I spent an enjoyable day Monday on Lake of the Woods with Curt Quesnell, a longtime Thief River Falls radio personality who retired last year and started a guide service, Curt’s NCOR Guide Service, this spring after getting his Coast Guard license. Quesnell now lives near Long Point north of Williams, Minn., and bases his guiding service out of Long Point.
NCOR stands for North Country Outdoors Radio, a brand Quesnell established with an outdoors radio program he hosted several years until retiring.
Without giving away too many secrets, we barely had a chance to get the boat on plane before Quesnell reached his fishing spot. Quesnell used his Minn Kota SpotLock trolling motor to hold us in position, and we bounced jigs and frozen shiners in depths ranging from 24 to 30 feet of water to land a mix of walleyes and saugers. Action was steady throughout the day, and we saw very few other boats during our time on the water. We kept a limit of walleyes and a couple of bonus saugers, and I had two heavier fish on the line that unfortunately shook the jig before I could see them. The fish came in all sizes up to 23½ inches, and we were able to sort through the smaller fish to come home with a very respectable catch for the frying pan.
After several days of strong wind, Monday’s relatively gentle conditions were a welcome change of pace.
Rainy River gets a lot of the attention when it comes to fishing Lake of the Woods Country in the fall — and justifiably so — but Quesnell prefers to stay on the lake. Wind is always the wild card up there in the fall, but when the weather cooperates, Quesnell says the action on the lake itself can be spectacular, without the crowds that sometimes converge on the river. Rare is the time he has to venture more than a few minutes from the harbor at Long Point Resort.
Best of all, fall offers some of the most productive walleye action of the season, and the best is yet to come.
To my knowledge, at least, Quesnell is one of the few small boat guides on the South Shore of Lake of the Woods. Small boat guides are more common up at the Northwest Angle, but most resorts along the South Shore of the big lake run large charter boats.
Quesnell runs a 21-foot Crestliner with a 300-horse Mercury four-stroke, supplies all the bait and gear — for people who don’t want to use their own fishing rods — cleans the fish and can accommodate up to three anglers.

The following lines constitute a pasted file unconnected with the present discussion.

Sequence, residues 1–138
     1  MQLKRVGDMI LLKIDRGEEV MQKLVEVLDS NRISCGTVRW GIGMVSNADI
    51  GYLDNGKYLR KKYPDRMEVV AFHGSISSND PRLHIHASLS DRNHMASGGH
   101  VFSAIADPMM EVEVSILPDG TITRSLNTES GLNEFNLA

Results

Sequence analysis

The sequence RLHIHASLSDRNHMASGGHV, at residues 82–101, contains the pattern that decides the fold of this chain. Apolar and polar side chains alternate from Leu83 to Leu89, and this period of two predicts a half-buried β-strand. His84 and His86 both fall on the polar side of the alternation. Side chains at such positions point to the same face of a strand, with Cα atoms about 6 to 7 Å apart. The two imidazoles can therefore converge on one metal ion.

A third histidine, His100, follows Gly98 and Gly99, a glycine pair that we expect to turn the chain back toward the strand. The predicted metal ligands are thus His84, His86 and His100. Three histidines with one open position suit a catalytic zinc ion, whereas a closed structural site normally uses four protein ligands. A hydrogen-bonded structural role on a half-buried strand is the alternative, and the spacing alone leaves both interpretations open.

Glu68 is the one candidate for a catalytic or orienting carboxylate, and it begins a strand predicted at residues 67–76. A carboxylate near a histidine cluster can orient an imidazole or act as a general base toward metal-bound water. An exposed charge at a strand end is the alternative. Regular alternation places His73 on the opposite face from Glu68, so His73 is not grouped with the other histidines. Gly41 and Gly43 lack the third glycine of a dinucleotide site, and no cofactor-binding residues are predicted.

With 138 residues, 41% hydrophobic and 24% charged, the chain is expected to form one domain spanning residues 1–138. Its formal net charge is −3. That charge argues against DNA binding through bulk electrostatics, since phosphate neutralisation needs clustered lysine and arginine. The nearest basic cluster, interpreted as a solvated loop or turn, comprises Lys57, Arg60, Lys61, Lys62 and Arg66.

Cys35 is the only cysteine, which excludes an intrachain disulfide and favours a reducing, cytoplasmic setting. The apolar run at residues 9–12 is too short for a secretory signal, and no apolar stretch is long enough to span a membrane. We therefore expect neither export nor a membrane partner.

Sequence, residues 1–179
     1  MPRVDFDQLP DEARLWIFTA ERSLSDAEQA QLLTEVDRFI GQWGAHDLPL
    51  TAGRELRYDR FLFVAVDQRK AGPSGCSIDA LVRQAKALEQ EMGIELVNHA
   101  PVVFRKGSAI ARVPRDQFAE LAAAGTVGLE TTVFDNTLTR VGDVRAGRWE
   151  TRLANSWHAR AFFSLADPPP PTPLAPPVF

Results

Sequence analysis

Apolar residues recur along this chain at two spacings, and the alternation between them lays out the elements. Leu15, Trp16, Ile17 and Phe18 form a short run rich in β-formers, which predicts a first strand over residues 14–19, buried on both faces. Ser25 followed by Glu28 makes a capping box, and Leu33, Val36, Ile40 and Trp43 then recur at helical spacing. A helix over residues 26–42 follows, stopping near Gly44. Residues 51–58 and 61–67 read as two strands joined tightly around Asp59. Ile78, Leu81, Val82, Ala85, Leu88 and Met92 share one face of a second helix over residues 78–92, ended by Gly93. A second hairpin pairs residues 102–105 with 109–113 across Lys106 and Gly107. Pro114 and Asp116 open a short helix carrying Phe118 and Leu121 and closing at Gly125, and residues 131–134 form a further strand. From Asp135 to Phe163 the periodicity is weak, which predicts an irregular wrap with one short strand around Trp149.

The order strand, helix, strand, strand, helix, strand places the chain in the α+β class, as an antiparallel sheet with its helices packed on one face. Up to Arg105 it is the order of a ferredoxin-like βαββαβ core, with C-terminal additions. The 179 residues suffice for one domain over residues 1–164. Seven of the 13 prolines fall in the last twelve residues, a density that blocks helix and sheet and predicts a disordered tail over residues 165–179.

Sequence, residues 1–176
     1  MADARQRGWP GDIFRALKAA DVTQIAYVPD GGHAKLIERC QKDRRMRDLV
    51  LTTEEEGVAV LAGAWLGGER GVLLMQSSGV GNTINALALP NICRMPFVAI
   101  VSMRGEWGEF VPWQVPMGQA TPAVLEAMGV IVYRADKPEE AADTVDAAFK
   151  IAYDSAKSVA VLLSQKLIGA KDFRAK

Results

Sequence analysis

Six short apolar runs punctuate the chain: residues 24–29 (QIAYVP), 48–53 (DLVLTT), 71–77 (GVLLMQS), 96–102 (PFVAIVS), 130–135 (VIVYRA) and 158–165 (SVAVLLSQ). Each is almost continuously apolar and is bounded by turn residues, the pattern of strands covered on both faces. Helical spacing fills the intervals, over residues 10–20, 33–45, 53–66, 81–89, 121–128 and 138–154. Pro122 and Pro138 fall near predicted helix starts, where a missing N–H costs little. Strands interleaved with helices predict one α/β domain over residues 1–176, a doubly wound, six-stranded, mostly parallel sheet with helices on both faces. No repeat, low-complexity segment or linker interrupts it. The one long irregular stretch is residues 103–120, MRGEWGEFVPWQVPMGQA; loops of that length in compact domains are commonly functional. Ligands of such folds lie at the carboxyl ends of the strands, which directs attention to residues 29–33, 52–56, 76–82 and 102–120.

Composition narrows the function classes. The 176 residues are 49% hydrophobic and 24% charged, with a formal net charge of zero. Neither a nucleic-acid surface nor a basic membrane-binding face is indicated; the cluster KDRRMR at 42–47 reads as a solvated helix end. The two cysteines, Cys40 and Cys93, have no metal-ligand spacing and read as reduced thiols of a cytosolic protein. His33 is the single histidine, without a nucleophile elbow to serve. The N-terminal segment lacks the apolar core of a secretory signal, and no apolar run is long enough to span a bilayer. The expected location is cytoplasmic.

For anyone looking to make a trip, the best way to get ahold of Quesnell is to message him via his guide service Facebook page.
I’ll have a story about our fun day on the water in Sunday’s Grand Forks Herald outdoors pages, along with additional photos and video on our website.
Boat swamped near Garden Island now back on shore at Long Point
After we got off the water Monday afternoon, I had a chance to see the boat Bob Brott of Eden Prairie, Minn., and his cousin Gary Soucie of Nebraska swamped in early August after the bilge pump on Brott’s 1974 Glasspar failed. The two men clung to the overturned boat as it drifted into Ontario before finally settling on a sandy beach in Oshie Bay on Big Island, which is in Ontario waters.
The two men spent two nights on the island before a Royal Canadian Mounted Police boat on a routine border patrol spotted the overturned boat — and eventually the two men — after moving in for a closer look.
The RCMP officers then gave Brott and Soucie a ride back across Big Traverse Bay to Long Point.
The overturned boat remained in Ontario for several days until Brott found someone to help turn the boat upright and tow it back across the lake. For the time being, it sits on a trailer in an off-the-beaten path area of Long Point Resort. Needless to say, it’s in pretty rough shape as these photos show.
You can read my August story about Brott’s and Soucie’s ordeal here.